23. Varminterror

    Varminterror Member

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    If we’re talking about some of the worst factory ammo available on the market, used in low-end rifles, flipping a coin is assuredly more valid at predicting relative performance than any theoretical comparison or generality. The Stag may well be a bit more expensive and may well be a bit “upgraded” compared to a conventional $450 mil-spec-ish bottom end carbine, but that may not actually mean it’s any more accurate, especially with cheap bulk ammo.

    “Dollar for dollar,” a bolt gun should and typically does outshoot an AR, AND a bolt gun is typically more “shootable” than an AR, such most guys will always bet on the bolt gun. But if the particular AR happens to like this particular factory ammo and the 783 doesn’t, the expectation could easily be reversed.

    But maybe more importantly, for me at least, even when used for the same purpose, an AR and a bolt gun FEEL very different in use. I used to ride super and hyper bikes, and in top end performance, there’s a considerable difference between a 1000cc and a 1400cc bike... one’s going to be undeniably quicker off of the line, but the other will handle considerably better. It makes comparing the two almost impossible for nondescript, general riding. Given a specific application, say drag racing instead of road coursing/GP, the gap between the two widens. But for messing around on 2 wheels on a Saturday evening, comparing the two isn’t sensible - they’re different, and that’s enough.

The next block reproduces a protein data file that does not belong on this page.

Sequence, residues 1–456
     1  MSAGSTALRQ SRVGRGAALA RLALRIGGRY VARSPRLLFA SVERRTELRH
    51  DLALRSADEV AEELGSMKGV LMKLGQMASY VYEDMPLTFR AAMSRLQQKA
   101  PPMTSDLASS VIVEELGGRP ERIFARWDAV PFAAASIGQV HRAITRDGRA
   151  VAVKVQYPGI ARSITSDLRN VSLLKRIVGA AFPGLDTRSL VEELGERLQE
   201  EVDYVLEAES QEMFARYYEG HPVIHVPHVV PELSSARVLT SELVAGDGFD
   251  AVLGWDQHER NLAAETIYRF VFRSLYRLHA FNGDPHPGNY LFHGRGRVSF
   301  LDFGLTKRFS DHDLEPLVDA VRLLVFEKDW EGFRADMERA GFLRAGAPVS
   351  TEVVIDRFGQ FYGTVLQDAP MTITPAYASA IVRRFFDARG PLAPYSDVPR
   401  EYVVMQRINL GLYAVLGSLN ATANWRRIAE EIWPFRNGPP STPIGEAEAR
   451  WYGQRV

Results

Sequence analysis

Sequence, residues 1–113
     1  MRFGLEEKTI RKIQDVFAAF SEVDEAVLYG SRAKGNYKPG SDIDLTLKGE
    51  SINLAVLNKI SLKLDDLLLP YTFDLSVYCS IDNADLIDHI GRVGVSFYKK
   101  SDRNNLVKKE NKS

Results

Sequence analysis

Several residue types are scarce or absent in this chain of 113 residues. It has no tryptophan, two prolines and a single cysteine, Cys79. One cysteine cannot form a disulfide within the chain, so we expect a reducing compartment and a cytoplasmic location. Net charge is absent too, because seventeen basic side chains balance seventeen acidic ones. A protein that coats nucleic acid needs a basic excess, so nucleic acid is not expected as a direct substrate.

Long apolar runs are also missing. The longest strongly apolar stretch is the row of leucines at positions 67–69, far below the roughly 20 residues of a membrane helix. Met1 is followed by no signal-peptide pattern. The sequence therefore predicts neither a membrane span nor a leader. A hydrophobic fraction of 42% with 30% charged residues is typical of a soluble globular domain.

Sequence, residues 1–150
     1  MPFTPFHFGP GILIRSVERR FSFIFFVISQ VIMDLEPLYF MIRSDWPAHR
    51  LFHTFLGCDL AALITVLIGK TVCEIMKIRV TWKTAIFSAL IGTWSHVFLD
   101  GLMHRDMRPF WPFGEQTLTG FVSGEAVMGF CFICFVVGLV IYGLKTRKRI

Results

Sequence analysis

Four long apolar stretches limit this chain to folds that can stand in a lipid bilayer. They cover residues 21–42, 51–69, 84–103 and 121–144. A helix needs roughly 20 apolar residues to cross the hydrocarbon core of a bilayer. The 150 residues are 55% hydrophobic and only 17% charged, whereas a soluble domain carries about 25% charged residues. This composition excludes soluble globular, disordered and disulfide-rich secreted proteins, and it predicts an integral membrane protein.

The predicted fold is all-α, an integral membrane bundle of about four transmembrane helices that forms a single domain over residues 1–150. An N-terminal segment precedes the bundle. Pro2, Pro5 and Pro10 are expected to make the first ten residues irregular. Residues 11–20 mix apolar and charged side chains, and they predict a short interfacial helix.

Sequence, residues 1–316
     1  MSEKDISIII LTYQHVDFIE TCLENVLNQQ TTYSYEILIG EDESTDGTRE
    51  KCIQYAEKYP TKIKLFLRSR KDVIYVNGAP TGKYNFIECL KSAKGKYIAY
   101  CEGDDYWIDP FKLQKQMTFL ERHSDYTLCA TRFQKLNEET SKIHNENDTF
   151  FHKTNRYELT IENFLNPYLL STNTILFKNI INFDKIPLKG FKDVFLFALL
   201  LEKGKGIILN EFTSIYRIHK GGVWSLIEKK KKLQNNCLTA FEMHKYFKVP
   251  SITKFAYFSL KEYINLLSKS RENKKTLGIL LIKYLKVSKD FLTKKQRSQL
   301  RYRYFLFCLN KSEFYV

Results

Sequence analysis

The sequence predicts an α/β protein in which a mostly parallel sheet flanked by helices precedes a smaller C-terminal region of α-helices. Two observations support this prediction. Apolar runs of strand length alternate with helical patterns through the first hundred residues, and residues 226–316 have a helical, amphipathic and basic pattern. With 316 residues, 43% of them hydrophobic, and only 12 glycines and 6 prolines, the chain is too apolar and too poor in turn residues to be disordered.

I wouldn’t personally buy a 783, certainly not for target shooting, and if my objective were to practice long range, or at least longer range shooting, I would put that money towards ammo, glass, trigger, or barrel for the AR you already have, in that order, instead of wasting money on the low end bolt gun.
     
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  24. Varminterror

    Varminterror Member

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    There might now be a plurality of free floating, higher end bolt guns on the market, but the “typical bolt gun” on the shelf certainly does not have a free floating barrel. Especially not the cheap 783’s in question.
     
  25. gunsrfun1

    gunsrfun1 Member